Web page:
Tactical Utopia

By: Matthew Battles
October 19, 2011

Here’s the thing you start to get when you hang around an occupation: it isn’t perfect. It isn’t supposed to be perfect. As Doug Rushkoff has argued, the Occupy movement isn’t solely a protest; it’s also model. Its utopianism is driven not by some postapocalyptic or prelapserian ideal, but by something immediate and (as Robin Sloan formulated it yesterday in a handy misprision) tactical. It’s a utopia that glimmers briefly here and there, and only in the present — and yet is in dialogue with the past as well as the future.

That spirit is in evidence even on a rainy day when the people’s mic is quiet and the occupiers are mostly holed up in their tents. It becomes palpable when one sits awhile in the library and listens to the patter of rain on the tent roof as people come and go, sharing their stories, setting up Skype interviews, and figuring out where they can charge their phones. Some of them are just getting out of the rain — although getting out of the rain in the midst of books is a special case: a visitor shakes off her poncho in the doorway, settles onto a donated chair or an overturned bucket, and listens awhile; conversation rises and falls, ebbing into the peculiar, charged quiet of people reading together. And then a book catches her sight — maybe it’s the poetry of Robert Frost, maybe it’s 1491, Seeds of Liberation, or even The Audacity of Hope (remember audacity? remember hope?)— and soon the words are flowing, her own thoughts answering those of another, a remote or long-dead author who likely never imagined a tent city in Dewey Square, and whose notions yet enliven the occupation with a tender, special force.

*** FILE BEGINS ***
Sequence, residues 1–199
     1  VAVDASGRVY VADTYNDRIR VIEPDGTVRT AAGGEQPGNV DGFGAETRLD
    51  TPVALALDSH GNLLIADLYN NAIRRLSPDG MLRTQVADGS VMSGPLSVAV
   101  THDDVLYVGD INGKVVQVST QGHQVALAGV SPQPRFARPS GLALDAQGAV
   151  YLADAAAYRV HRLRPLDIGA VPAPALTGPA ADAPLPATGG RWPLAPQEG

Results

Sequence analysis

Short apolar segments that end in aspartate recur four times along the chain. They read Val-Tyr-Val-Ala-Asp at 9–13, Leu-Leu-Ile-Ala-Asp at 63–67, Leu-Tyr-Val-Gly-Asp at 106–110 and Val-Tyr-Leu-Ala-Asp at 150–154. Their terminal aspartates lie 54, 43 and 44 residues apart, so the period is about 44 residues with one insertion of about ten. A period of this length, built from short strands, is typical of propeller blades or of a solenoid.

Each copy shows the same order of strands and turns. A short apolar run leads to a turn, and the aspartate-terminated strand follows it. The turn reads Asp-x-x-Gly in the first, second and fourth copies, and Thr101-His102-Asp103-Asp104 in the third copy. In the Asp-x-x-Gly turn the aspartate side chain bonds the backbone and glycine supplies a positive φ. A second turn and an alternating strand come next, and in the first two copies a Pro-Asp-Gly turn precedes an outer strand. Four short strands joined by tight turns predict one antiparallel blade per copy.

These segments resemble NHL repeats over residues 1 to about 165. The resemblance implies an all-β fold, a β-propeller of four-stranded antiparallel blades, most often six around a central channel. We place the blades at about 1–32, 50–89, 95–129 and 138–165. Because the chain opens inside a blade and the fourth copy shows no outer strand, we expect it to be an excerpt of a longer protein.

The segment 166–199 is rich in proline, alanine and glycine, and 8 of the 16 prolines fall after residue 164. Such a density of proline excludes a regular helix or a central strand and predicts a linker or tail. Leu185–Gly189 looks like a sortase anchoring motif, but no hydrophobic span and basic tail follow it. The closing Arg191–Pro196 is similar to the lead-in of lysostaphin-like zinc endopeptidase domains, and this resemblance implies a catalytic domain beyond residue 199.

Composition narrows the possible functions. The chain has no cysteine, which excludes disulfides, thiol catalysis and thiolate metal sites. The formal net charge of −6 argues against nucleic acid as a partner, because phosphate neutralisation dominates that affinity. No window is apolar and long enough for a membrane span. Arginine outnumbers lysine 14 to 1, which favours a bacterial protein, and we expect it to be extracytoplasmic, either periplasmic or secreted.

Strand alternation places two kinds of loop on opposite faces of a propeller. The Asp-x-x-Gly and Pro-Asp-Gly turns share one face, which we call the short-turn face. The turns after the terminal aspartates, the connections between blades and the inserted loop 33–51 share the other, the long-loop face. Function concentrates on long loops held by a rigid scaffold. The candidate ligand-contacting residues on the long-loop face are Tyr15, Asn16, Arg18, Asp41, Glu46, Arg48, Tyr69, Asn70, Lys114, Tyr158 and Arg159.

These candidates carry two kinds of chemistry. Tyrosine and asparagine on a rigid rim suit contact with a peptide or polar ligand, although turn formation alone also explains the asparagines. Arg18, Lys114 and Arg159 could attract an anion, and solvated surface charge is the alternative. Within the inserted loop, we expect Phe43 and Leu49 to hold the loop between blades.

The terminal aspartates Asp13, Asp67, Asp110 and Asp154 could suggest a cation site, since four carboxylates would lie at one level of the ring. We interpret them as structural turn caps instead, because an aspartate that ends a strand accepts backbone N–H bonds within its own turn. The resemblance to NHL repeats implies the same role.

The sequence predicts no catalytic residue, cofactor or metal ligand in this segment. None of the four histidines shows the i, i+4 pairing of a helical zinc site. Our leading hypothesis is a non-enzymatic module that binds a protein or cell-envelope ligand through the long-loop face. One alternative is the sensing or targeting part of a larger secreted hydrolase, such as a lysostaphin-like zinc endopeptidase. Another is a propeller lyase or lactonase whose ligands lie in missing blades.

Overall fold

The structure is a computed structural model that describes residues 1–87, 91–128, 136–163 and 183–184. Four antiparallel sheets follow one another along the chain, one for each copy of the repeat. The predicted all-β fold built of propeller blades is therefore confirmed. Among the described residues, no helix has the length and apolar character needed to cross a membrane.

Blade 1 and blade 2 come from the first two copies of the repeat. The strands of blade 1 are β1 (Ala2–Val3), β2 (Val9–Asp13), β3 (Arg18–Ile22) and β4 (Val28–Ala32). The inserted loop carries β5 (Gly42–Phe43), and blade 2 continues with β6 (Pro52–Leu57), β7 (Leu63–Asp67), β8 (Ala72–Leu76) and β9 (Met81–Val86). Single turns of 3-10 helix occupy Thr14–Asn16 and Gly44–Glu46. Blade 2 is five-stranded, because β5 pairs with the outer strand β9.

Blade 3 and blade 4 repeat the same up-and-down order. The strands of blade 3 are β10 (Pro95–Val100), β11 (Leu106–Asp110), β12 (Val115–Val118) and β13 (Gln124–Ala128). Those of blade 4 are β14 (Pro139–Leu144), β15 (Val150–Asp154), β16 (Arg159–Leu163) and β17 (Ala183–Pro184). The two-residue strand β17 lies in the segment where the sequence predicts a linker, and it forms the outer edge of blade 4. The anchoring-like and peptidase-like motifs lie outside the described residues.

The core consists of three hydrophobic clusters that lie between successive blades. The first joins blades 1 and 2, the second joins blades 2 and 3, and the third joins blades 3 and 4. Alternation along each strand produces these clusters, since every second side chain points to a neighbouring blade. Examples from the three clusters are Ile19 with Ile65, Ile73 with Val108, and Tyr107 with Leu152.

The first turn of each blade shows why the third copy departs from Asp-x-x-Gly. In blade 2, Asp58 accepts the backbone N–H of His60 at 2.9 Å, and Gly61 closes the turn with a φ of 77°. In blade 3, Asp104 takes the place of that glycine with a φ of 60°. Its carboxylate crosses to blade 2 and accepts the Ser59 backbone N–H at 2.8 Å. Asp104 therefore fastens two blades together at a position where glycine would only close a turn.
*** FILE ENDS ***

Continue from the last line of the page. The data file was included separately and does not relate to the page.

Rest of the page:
Books have been doing this kind of work for a long time. In the middle of the nineteenth century, England’s Chartist movement — its energies strikingly similar to those of the Occupy movement, its intent similarly misunderstood by the powerful — established reading rooms throughout Britain. This was an era when public libraries were not widespread; most lending libraries charged subscription fees. The free Chartist libraries were enormously popular — and for the elite, enormously unsettling. A commentator in Blackwood’s magazine argued that “Whenever the lower order of any state have obtained a smattering of knowledge they have generally used it to produce national ruin.” Utilitarian reformers sought public funding for libraries where, they argued, the intellectual appetites of working class-readers could safely be turned to productive ends.

It would be useful, probably, if the people’s library had an online catalogue; it would do well to offer occupiers and visitors some access and guidance to the vast resources of information and imagination available online. (The historian Jo Guldi, with whom I spent a morning in the library at Occupy Boston, makes a strong case for this: the scholarly literature on disenfranchisement, poverty, and class conflict is vast, and a wealth of primary resources could be marshaled, curated, and interpreted electronically as well.) And as Jo also points out, there’s something especially forcible about occupying, about taking up space. This is doubly true now, in a time when the virtual has grown so magically, richly figured, while the texture of public space becomes ever more inhospitable to the all-but-forgotten kinesthetic dimension of the public sphere. That is what’s palpable even on a rainy morning when people energized by ideas and stories come together in a sodden tent filled with books. The medium doesn’t matter so much, of course; it’s the people, the ideas, the stories, the charge that count. Perhaps the best word for it after all is utopia — ephemeral, tactile, tactical.

Occupy Kennington Common: London's Great Chartist Meeting, 1848